Dhootha review: This supernatural thriller on paid media is too quaint to be incisive
Dhootha (Telugu)(2.5 / 5)
Episode 1 of Vikram K Kumar’s Dhootha begins with a journalist desperately trying to leave a voice note for his wife. His phone dies on him, and when looking for the charger, he chances upon a certain file. The title of Amazon Prime Video’s new Telugu web series translates to ‘The Messenger’, and is on a relevant subject – paid media and its increasing influence in shaping public opinion. If the messenger is corrupt, can the message be trusted?
Sagar (Naga Chaitanya) is a popular journalist who has everything – money, fame, and a loving family. But one night, his dog is killed in an accident. What’s strange about this is that he finds a newspaper clipping foretelling the pet’s death minutes before the incident. Not only does the prediction come true, but a few details mentioned in the clipping are so accurate that it’s clear something supernatural is at play here.
Over the course of eight episodes, Sagar has to uncover several disturbing truths about the past and the present if he has to change his future. Vikram’s 2009 supernatural thriller 13B (Yaavarum Nalam in Tamil) had a similar premise. In the film, the protagonist notices that events occurring in a TV serial predict what will happen in his family. Towards the end, it is revealed that the spirit is a wronged woman who wants the world to know the truth about a tragic event.
Dhootha has a loftier premise – it aspires to be a commentary on the state of the media today and wants to remind journalists about their responsibilities. This is an earnest ambition, but the series has only a superficial understanding of how the media functions in this day and age. At the heart of Dhootha is a printing press that features prominently in the opening credits. That story dates to the 1960s, but the landscape of journalism has changed so much since then. The series doesn’t look at how fake news is deliberately peddled on social media or politically funded digital media platforms; it also bypasses TV channels and their loud attempt to set the narrative and control it. Instead, it focuses on the print media, and even then, the writing doesn’t really get into the dynamics of the industry. At a time when fact-checkers are battling deep fakes and large-scale disinformation spread through viral hashtags, Dhootha presents a quaint world where the bogeyman arrives placidly in a newspaper. This is certainly no Paatal Lok (2020) which was far more incisive in its depiction of the media.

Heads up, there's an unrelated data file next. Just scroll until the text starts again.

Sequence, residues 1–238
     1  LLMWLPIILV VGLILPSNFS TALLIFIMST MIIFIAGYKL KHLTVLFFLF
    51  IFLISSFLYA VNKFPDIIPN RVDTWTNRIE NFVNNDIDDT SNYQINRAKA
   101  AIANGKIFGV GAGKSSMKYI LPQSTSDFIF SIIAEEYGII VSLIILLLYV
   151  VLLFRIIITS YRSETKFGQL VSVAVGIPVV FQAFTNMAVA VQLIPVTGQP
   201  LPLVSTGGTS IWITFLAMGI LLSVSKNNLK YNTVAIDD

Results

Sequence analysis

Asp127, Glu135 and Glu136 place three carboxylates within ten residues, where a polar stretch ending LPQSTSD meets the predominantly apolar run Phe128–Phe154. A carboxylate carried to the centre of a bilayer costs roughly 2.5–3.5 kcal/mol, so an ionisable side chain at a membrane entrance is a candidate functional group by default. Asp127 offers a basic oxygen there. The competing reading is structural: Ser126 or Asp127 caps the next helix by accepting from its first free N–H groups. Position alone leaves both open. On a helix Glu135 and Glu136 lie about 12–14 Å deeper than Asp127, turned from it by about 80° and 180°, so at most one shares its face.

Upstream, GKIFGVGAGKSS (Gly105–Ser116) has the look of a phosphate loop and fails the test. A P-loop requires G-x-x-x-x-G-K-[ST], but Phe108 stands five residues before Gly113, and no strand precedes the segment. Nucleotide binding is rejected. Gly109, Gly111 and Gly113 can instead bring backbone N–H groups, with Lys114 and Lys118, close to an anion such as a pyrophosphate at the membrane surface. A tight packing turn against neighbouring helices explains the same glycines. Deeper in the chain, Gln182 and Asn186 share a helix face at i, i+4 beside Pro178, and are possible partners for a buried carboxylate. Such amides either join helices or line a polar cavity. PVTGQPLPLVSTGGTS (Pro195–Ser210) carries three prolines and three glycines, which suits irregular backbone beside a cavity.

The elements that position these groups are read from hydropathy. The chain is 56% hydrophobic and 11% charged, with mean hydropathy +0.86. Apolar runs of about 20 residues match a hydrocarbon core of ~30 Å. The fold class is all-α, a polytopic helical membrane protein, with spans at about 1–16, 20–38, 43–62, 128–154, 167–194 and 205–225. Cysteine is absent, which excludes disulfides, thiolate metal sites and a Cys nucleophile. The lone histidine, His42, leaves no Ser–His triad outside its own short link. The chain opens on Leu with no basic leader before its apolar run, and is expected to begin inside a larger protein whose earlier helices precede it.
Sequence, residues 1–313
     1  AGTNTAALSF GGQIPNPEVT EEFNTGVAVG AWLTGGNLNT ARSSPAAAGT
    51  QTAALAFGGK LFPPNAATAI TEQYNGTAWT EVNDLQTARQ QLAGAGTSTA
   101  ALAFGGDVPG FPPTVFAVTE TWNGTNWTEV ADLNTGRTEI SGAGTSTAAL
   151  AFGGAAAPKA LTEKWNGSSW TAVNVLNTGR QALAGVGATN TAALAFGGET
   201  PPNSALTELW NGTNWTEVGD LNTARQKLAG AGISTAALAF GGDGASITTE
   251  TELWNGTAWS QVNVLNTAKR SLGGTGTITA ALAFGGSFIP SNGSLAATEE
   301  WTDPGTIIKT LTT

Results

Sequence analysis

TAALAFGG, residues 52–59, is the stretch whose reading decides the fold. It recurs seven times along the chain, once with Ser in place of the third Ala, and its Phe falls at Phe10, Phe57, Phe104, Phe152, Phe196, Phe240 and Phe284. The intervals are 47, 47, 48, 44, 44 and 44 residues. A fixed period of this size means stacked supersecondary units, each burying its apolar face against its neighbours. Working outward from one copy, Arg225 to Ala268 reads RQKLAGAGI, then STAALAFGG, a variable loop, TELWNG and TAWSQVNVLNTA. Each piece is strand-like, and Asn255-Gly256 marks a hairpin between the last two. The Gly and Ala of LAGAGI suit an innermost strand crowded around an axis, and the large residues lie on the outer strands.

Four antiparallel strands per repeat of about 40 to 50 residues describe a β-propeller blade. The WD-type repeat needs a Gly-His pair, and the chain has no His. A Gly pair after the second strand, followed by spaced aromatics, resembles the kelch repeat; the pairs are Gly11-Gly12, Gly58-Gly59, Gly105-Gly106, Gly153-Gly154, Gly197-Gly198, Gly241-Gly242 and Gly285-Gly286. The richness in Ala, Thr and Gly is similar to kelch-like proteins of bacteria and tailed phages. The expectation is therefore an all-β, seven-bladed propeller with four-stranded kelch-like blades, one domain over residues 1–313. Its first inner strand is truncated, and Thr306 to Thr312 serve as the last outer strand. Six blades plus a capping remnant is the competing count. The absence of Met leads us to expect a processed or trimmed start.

Parvathy Thiruvothu plays DCP Kranti Shenoy, a stern-faced cop who is called to investigate the suspicious death of a journalist. The actor is reliably good in the role, with a walk reminiscent of Mammootty’s Sethurama Iyer from the old CBI films. Kranti makes sharp observations that help her solve crimes, but at times, this ability seems too convenient. For instance, a very old case – and one that is of personal relevance to her – is solved in a matter of minutes. Considering the importance the case has to her life, it seems absurd that she has waited this long to piece together the clues that were always around – only to solve it all in a jiffy at a crucial juncture in the plot.